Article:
When you walk 2.5 miles to work through town every day, you start counting things, or at least gathering the impression that “there sure are a lot of (insert item here) in Daegu.” I’m no social scientist, but I think you can begin to draw some general conclusions about a culture from how it spends its time and money.
In Daegu, you’ll find a lot of:
1. Cellphone Stores: I’ve stopped trying to count the number of brands, and you literally can’t walk 100 yards in any direction without encountering at least one store, and probably three. South Korea is one of the most wired countries in the world. Everybody has a cellphone, everybody has easy access to a high-speed internet connection, and in general, they know how to use them better than we do. I suspect the ambient temperature in Daegu is a couple of degrees warmer from all the microwave energy zipping through the atmosphere.
2. Restaurants: Koreans like to eat. Who doesn’t? They love their native cuisine, and they love to sample food from other cultures. If you have a craving for just about anything, you can satisfy it within a short walk of your lodgings. Meals are very social times, and you don’t see too many Koreans eating a solo burger or whatever on the run. They sit, they eat, they drink, and they converse.
3. English Schools: They’re everywhere. Koreans see mastery of English as the key to success in business and their means of access to global society. Kids are pushed to learn English early, and the government recently issued a warning about the proliferation of unlicensed English schools, especially English-only kindergartens, which it sees as a threat to the proper cultural development of Korean youth. “Learn English, but learn Korean first.” Makes sense. I wish America had a similar passion for teaching our children to master the native languages of our international partners.
4. Churches: Daegu is churched about as thoroughly as any American Bible Belt city of my acquaintance. There are quite a few Buddhist temples and shrines sprinkled through the city, but Christian churches of various flavors dominate. Daegu is dotted with steepled cathedrals, and little storefront churches like one I saw yesterday, one floor upstairs from a pool hall. Many businesses are closed on Sunday. The current president of South Korea is a professed Christian, and the world’s largest Christian congregation, the Yoido Full Gospel Assembly, is in Seoul–it’s become something akin to a pilgrimage destination for evangelical Christians visiting the Far East.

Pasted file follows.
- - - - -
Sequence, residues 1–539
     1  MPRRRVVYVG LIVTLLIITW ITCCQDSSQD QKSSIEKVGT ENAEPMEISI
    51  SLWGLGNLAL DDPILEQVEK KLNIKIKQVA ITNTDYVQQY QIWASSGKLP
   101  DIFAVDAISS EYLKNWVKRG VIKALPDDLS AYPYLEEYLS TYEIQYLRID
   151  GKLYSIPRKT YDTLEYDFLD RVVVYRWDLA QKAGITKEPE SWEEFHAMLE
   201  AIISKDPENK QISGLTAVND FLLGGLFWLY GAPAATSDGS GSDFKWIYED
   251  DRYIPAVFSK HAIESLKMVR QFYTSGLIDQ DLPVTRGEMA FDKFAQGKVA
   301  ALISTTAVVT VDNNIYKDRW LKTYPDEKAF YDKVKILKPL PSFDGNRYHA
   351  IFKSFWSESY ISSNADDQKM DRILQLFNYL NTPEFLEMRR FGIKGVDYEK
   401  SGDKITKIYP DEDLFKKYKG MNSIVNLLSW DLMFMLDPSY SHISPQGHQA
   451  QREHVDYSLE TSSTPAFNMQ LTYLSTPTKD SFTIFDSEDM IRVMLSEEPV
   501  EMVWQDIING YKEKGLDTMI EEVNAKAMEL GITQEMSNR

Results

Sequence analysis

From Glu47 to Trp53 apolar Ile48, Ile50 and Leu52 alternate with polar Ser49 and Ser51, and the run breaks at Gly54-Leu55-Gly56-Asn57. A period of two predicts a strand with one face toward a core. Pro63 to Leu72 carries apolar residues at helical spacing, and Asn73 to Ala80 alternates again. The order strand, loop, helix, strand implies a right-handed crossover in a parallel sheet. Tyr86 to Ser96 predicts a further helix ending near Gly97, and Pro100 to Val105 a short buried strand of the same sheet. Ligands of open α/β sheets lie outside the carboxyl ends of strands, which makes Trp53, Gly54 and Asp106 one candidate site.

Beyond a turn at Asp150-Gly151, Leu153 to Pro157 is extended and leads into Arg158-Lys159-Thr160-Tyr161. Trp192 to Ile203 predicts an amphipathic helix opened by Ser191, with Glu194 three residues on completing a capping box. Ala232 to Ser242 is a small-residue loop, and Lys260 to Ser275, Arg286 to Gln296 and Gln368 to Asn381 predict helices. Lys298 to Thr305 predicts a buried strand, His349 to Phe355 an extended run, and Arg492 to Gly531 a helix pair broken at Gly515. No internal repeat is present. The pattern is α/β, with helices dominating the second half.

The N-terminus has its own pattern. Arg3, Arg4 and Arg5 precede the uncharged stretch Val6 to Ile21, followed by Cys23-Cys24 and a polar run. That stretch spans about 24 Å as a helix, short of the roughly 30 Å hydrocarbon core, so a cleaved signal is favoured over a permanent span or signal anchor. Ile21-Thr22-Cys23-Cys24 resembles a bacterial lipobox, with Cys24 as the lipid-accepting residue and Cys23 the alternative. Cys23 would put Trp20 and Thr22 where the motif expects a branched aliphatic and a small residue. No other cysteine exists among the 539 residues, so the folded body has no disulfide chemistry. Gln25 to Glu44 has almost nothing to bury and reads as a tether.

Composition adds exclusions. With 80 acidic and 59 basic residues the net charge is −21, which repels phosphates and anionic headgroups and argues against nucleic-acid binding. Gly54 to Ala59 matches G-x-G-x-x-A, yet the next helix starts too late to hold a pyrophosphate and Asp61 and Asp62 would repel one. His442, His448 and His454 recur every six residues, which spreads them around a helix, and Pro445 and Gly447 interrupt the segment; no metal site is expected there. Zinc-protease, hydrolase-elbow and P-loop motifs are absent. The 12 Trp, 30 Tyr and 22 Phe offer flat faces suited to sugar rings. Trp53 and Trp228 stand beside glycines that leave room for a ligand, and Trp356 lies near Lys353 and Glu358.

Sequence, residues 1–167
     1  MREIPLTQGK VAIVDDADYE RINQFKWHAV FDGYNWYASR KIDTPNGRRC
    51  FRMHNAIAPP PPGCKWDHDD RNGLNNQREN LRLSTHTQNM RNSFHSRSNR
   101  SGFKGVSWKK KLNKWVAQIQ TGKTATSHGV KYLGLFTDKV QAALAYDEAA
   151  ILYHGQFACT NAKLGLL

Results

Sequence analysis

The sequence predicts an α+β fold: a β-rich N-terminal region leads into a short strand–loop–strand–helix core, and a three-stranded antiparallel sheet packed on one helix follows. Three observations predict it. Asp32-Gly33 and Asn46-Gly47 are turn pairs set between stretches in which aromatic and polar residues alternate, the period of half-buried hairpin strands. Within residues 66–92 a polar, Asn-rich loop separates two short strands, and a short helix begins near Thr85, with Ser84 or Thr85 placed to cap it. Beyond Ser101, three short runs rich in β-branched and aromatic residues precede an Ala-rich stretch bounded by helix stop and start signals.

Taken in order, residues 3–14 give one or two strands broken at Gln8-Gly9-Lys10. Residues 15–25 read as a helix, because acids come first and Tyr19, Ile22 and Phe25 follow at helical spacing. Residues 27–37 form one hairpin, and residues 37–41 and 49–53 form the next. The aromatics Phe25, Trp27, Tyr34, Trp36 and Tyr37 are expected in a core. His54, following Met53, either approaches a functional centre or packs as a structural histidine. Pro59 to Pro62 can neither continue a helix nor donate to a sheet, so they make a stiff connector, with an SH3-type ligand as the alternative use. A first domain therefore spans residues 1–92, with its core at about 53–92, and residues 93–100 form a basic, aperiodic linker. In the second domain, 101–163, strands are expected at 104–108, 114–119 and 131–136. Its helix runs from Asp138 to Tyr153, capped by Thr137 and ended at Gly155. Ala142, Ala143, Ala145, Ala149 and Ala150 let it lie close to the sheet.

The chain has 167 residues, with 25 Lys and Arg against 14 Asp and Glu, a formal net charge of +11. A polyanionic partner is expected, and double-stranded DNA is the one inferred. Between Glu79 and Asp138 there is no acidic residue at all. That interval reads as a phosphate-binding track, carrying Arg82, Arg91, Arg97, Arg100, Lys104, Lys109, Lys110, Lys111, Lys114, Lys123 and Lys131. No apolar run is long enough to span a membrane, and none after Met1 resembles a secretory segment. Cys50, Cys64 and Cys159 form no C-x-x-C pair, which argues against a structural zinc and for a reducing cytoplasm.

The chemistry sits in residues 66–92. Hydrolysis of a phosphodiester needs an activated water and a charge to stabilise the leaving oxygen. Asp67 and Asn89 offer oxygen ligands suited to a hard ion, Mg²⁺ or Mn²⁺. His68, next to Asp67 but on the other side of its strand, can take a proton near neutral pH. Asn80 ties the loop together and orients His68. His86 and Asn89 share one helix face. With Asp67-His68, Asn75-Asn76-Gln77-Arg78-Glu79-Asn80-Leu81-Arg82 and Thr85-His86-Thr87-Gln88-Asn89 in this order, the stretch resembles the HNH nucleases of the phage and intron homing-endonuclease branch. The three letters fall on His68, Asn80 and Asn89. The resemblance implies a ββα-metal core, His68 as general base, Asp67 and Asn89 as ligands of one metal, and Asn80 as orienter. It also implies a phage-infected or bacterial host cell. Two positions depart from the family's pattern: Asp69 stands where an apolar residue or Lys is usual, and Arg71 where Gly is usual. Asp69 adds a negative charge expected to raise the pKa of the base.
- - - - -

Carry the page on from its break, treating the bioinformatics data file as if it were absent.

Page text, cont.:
5. Medical Clinics: I have no idea what the doctor-to-patient ratio in South Korea is, but there is at least one medical provider of some sort on every block along my walk to work. General practitioners, specialists, primary care clinics, women’s clinics, acupressure therapists, university hospitals…the list goes on, and that’s not counting the pharmacies.
6. Coffee Shops and Bakeries: It’s never difficult to find a good cup of coffee or a decadently flaky pastry in Daegu. The number of coffee shops compares favorably to Seattle or San Francisco. There are so many of these, I’ve seriously considered doing a “coffee crawl” sometime to find the smoothest brew within walking distance of my hotel. Perhaps next time I’m here. They have interesting names like “Bless U,” “Seven Monkeys,” and “Sweet Dreams,” which features all sorts of sweet items to go along with your coffee, including, in the spirit of Homer Simpson, “sweet bottled beer.”
7. Outdoor Stores: Korea is a mountainous country, and Koreans never met a mountain they didn’t want to climb. Hiking and backpacking are very popular among all ages, and there are lots of stores offering the latest outerwear, shoes, and climbing gear.
I could go on, adding venues like Tae Kwan Do schools, PC Bangs, and Karaoke bars, but this is probably enough for now. Besides, it’s time for a cup of coffee, maybe with a flaky pastry on the side. Oh, look…there’s a shop right here…